The Blu-ray transfer is in the correct ratio of 1.33:1. As this is the reissue version, it runs at the sound speed of twenty-four frames per second, a little faster than the original speed, which was most likely twenty fps, but that meets that Chaplin's score remains in synch. The results a little soft, and lacking such a wide greyscale as later black and white films would have, but grain is certainly present. Compared to the 2003 DVD transfer, it doesn't seem overly bright as some of the Blu-ray transfers in this series have been. Screengrabs follow, the DVD first.

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The soundtrack is the original mono, with Chaplin's score and occasional sound effects. Nothing untoward here: it's clear and well-balanced.

The extras begin, as usual, with an introduction by David Robinson (5:11) and a Chaplin Today featurette (26:29). The latter is more jokey than usual, with extracts from co-star Adolphe Menjou's memoirs being read in a French accent, although Menjou was American born and bred. There are also actors voicing accounts from Peggy Hopkins Joyce and Rollie Totheroh, the latter telling us how he achieved the effect of a passing train's lights on Marie's face with a considerable economy of means. That is Michael Powell's actual voice, however, talking about how seeing the film inspired him to work in the cinema. The guest filmmaker this time is Liv Ullmann. The only woman to appear in that capacity in these featurettes, she talks about how Chaplin depicts women in this film, often before and since seeing them with a distinctly male (heterosexual) gaze, but explores how he sees his lead actress in this film in a more feminine way.

When Chaplin reissued the film in 1976, he made some edits, partly to tighten it, partly to tone down what he saw as a sentimentality no longer in favour half a century later. As with the deleted material from A King in New York, this is presented with the scene in question as shown in the final version followed by its counterpart from 1923, running 6:08 in total.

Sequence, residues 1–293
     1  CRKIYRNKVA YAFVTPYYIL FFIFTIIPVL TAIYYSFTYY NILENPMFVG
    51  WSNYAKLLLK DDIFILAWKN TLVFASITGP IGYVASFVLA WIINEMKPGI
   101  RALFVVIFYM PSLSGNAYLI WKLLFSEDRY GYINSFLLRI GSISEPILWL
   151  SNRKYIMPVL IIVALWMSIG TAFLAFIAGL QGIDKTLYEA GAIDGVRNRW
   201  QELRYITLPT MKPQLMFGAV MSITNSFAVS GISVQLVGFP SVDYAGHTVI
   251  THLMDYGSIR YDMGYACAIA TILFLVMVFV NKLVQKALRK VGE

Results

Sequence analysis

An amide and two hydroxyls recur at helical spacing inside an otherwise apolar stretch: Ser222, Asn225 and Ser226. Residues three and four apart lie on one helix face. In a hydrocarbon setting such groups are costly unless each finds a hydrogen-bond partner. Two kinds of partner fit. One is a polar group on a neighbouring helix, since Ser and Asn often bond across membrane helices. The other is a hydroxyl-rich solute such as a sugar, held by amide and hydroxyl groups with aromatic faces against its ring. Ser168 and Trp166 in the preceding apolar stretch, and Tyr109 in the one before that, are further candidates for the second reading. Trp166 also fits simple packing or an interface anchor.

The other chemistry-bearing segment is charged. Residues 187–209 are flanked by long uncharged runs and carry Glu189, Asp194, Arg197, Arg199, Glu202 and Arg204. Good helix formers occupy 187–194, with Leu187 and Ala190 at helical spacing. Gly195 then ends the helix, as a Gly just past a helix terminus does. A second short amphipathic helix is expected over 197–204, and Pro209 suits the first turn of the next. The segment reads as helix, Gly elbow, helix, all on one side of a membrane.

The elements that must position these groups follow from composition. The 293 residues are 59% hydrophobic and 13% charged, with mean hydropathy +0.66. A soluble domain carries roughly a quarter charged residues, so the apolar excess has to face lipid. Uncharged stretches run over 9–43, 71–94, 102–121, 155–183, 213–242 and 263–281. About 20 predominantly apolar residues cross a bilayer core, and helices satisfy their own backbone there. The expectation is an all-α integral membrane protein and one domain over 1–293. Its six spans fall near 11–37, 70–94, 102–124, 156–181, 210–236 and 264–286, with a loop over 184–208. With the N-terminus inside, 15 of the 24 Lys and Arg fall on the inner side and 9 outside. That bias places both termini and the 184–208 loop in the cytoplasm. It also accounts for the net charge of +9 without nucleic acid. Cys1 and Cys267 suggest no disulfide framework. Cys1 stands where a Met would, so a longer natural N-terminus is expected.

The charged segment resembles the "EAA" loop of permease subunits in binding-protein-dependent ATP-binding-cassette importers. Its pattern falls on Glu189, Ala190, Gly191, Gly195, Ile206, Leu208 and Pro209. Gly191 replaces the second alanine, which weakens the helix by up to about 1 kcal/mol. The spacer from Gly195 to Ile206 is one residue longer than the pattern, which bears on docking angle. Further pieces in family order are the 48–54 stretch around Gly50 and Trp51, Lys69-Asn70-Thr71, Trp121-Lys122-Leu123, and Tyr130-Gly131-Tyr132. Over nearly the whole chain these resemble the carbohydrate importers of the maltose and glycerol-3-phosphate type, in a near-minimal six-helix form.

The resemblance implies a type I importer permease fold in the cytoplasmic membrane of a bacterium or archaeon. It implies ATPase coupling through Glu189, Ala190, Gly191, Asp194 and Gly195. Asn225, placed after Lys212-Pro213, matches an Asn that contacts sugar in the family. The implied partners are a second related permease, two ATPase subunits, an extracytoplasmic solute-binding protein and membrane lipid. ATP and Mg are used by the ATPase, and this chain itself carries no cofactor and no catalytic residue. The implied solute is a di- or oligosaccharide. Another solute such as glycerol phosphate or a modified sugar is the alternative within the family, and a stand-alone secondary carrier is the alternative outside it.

Two short films which Chaplin made for First National are next. These are Sunnyside (30:01) from 1919 and Pay Day (22:12) from 1922. The latter was his last two-reeler and his last but one short film, followed by The Pilgrim (which forms part of The Chaplin Revue), which completed his contract with First National. In Sunnyside, Charlie is a farm hand and Edna the village belle, with members of Chaplin's repertory, such as Henry Bergman and Loyal Underwood also appearing. Tom Terriss plays a city slicker, Charlie's rival for Edna's love. This isn't often regarded as one of Chaplin's best, and the New York Times at the time thought it had too much slapstick. It certainly has its moments though. In Pay Day, Charlie is a labourer who keeps back just enough of his wages from his wife to be able to go out drinking. Mack Swain plays his foreman and Edna Purviance the foreman's daughter. This was by all accounts Chaplin's favourite amongst his short films. Both short films are presented in 1080p, unlike most of the extras on this disc, which are upscaled SD. That includes a deleted scene (8:21) from Sunnyside, presented mute and involving a barber's shop, clearly an attempt at the gag he finally got to use in The Great Dictator. Finally, there is the same compilation of extracts from films in the Chaplin Collection (10:44) which appears on all of Curzon Artificial Eye's Chaplin releases.

Film
7 out of 10
Video
8 out of 10
Audio
7 out of 10
Extras
6 out of 10
Overall

7

out of 10